Street Talk: Steep challenges for Tea Party from strained Republicans


Voters trek to the polls Tuesday, but no issues or candidates on this year’s ballot rival what’s coming in 2014. West Michigan’s more moderate GOP conservatives have been quietly compliant and perhaps even initially intrigued by their far right, Libertarian-leaning brethren.

Patience was strained to breaking points by spring of this year after the debt debacles of last November. By summer, a new coalition was shaping. The debt-ceiling circus and government shutdown in October sealed the deals. None thought it a good idea to test the brink of default.

The drama here is focused almost entirely on U.S. Rep. Justin Amash, who is challenged by East Grand Rapids school board member Brian Ellis. An Ellis letter to potential supporters and contributors was signed last week by a number of noteworthy individuals. Sam Cummings added his endorsement to that of Mark Murray, Mike Jandernoa, David Frey, J.C. Huizenga and Mark Bissell.

Ellis announced his challenge only two weeks ago.

Voters in this Congressional district are not the only Republicans declaring war on the Tea Party. The Associated Press noted in a national wire story last week, “A slice of corporate America thinks tea partyers have overstayed their welcome in Washington and should be shown the door in next year’s congressional elections.”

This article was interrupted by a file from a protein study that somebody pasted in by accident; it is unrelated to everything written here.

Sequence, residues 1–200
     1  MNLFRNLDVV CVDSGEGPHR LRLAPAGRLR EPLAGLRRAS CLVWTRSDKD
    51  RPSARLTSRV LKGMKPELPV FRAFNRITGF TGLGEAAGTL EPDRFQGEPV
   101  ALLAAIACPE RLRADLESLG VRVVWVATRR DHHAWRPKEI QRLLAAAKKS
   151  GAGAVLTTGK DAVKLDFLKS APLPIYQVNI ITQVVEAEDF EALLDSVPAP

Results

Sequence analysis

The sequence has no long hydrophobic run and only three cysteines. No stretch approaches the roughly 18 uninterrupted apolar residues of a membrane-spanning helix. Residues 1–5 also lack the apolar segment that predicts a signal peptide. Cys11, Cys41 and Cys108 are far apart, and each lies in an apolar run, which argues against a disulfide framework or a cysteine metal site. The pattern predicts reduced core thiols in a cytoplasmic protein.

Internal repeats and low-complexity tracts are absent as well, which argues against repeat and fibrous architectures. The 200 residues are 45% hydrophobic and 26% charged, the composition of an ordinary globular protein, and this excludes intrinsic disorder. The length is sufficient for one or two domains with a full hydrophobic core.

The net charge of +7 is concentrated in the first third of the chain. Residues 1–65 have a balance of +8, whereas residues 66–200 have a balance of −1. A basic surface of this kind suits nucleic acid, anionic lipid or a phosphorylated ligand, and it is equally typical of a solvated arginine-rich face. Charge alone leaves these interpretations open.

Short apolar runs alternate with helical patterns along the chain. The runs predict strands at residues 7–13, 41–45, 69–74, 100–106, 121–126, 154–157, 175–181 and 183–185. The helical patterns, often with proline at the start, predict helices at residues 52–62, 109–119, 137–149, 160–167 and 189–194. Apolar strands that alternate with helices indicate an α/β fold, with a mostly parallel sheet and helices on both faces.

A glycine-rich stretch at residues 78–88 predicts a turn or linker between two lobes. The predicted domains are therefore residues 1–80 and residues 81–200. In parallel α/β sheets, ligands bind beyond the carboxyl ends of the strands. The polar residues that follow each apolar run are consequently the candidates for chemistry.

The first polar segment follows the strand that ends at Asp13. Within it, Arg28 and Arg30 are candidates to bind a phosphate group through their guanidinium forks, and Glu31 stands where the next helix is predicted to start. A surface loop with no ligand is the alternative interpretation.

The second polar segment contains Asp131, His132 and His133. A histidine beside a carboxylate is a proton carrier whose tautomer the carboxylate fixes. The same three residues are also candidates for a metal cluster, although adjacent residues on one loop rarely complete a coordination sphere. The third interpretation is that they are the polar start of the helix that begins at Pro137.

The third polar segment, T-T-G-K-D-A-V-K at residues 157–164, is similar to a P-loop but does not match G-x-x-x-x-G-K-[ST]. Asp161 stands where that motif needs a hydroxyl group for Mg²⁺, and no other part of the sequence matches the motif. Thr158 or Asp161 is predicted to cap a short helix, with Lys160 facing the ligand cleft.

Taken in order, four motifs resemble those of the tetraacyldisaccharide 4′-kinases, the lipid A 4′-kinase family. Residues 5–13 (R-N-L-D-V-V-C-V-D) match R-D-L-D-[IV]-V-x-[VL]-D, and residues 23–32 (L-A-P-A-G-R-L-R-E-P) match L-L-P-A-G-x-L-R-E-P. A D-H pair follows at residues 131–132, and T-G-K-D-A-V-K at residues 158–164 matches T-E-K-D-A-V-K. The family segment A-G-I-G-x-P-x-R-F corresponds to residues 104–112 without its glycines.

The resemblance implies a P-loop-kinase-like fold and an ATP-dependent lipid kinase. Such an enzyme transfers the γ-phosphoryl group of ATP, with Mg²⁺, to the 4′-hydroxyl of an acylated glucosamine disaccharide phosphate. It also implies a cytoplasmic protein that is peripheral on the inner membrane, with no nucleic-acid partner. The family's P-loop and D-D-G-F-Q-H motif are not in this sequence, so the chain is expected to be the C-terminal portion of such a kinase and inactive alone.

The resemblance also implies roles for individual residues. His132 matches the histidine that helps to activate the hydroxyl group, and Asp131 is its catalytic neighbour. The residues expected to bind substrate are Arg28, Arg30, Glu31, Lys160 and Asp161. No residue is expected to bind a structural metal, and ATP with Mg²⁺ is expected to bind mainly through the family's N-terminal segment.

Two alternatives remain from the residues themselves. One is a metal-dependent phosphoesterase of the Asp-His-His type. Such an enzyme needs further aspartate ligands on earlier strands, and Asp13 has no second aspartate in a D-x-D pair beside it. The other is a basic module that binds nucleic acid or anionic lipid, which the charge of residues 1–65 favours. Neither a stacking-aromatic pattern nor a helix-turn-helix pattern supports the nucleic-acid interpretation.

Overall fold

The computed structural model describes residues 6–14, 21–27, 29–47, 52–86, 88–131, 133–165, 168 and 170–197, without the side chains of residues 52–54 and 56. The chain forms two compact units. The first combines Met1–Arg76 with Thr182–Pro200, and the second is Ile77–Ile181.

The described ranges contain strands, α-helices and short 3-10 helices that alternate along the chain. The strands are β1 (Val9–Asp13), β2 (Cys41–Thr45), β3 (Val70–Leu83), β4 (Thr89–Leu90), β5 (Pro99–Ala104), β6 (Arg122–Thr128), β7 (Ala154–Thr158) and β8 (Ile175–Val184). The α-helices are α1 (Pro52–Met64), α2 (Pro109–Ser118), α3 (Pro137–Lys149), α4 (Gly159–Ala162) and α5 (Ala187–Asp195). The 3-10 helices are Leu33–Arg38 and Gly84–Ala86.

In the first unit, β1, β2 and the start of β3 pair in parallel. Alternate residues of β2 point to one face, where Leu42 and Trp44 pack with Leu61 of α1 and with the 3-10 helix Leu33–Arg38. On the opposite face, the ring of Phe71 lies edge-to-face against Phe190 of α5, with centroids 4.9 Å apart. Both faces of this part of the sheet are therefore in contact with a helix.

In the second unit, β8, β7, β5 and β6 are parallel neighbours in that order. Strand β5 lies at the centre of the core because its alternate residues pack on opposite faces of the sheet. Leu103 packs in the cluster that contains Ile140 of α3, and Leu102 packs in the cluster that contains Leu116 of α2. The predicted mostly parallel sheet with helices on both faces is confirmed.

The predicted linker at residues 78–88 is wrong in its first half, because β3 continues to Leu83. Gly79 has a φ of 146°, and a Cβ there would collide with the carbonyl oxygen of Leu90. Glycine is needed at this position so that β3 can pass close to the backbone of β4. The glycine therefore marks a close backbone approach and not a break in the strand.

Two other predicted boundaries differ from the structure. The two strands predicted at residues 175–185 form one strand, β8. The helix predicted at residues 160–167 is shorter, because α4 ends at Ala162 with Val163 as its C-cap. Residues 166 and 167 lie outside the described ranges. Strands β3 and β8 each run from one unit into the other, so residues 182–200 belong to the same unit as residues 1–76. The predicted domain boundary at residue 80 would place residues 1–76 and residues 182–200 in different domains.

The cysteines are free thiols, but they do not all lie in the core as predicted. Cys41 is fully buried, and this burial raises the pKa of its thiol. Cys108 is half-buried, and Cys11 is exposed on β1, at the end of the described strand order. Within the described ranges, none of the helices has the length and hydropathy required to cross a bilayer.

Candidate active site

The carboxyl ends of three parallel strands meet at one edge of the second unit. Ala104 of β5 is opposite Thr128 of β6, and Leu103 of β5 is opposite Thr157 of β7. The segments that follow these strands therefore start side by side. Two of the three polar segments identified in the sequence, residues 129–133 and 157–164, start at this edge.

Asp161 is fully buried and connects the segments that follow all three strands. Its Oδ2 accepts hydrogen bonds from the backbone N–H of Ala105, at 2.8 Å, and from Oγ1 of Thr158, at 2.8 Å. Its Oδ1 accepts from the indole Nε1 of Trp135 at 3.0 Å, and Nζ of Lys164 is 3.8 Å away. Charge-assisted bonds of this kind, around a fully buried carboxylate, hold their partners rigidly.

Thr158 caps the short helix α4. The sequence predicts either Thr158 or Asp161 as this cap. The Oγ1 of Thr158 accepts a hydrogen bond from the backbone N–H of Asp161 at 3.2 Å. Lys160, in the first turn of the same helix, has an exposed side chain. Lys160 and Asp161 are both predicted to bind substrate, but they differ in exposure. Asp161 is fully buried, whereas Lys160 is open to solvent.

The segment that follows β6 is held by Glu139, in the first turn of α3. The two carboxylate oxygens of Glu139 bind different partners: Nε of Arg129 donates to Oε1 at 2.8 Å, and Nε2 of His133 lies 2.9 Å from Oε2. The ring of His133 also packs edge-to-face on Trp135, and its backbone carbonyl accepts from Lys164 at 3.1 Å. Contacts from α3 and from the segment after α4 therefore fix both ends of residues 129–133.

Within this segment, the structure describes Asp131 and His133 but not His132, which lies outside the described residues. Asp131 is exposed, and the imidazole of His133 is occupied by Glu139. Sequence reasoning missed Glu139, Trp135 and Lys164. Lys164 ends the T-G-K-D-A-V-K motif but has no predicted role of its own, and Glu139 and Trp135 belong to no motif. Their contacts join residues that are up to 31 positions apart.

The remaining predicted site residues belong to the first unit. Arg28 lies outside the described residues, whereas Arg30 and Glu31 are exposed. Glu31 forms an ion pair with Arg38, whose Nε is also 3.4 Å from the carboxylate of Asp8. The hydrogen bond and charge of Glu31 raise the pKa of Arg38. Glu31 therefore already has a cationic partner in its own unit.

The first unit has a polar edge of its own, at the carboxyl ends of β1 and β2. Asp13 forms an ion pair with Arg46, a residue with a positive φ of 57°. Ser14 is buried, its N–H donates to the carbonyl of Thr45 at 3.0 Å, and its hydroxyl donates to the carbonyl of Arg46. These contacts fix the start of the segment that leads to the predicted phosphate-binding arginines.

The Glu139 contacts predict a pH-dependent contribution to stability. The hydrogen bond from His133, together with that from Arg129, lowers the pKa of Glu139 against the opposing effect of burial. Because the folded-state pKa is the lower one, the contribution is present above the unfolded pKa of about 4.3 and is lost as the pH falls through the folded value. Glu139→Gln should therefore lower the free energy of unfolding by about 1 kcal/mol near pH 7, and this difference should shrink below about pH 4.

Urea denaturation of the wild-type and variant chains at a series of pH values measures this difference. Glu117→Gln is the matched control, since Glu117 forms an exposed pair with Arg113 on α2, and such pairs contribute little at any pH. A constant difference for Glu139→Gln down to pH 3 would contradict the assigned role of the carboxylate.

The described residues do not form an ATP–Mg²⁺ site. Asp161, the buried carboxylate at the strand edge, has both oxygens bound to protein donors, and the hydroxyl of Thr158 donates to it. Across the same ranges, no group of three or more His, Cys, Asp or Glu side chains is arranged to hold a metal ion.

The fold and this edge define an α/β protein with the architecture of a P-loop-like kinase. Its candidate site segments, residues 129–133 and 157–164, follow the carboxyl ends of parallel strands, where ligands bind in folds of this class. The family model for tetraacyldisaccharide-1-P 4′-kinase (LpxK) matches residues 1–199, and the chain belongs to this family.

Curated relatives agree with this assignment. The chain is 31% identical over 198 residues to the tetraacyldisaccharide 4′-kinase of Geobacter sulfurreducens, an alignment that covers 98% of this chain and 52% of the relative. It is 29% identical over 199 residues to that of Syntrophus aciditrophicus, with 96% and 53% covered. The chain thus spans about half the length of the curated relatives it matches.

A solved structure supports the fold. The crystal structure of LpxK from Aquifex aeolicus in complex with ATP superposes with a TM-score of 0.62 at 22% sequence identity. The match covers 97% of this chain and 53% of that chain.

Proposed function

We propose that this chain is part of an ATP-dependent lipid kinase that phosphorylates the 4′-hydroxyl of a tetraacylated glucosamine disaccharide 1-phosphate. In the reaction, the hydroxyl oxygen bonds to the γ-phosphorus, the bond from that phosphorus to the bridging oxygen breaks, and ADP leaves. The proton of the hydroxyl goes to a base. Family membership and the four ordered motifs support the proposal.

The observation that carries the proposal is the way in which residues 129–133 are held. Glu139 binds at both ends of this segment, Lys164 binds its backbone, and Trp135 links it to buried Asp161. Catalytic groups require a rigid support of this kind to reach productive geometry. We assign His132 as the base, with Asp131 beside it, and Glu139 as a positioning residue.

The story specifically mentions Amash, among a few others across the country. Associated Press further reported: “The 16-day partial government shutdown and the threatened national default are bringing to a head a lot of pent-up frustration over GOP insurgents roughing up the business community’s agenda. But there’s also Defending Main Street, a new GOP-leaning group that’s halfway to its goal of raising $8 million. It plans to spend that money on center-right Republicans who face a triumvirate of deep-pocketed conservative groups.”

Ellis appears the most likely to be on the receiving end.

Not profiting

More than 1,000 nonprofit organizations (including a few in West Michigan) have reported significant “diversions of assets” (otherwise known as fraud) over the past five years, according to research by the Washington Post of nonprofit tax filings with the government since 2008.

According to CEO Phil Catlett and the gang over at Better Business Bureau of Western Michigan, the following organizations based on the west side of the state are included in the report: Munson Healthcare Regional Foundation, Traverse City; Great Lakes Energy Cooperative, Boyne City; International Union UAW 167, Wyoming; Hispanic American Council, Kalamazoo; Douglass Community Association, Kalamazoo; Friends of Fred Meijer Heartland, Edmore; Pay It Forward Outreach, Norton Shores; Asian Professionals Organization, Grand Rapids; and Constructive Community Builders Inc., Kalamazoo.

Munson ($1,105,000) and Great Lakes Energy ($679,000) were victims of employee fraud. UAW 167 ($1,092,000) was reportedly caught up in the investment fraud of convicted Ponzi schemer Dante DeMiro. Douglass Community Association and Pay It Forward Outreach both reported embezzlements, while Friends of Fred Meijer Heartland, Asian Professionals and Constructive Community Builders disclosed less information on the IRS forms about the fraud in their organizations.

Catlett said a key role of the BBB serving West Michigan is to provide transparency to donors about nonprofits and assist charitable organizations in best practices. A 2012 study concluded that nonprofits and religious organizations account for one-sixth of major embezzlements, placing them second only to the financial services industry.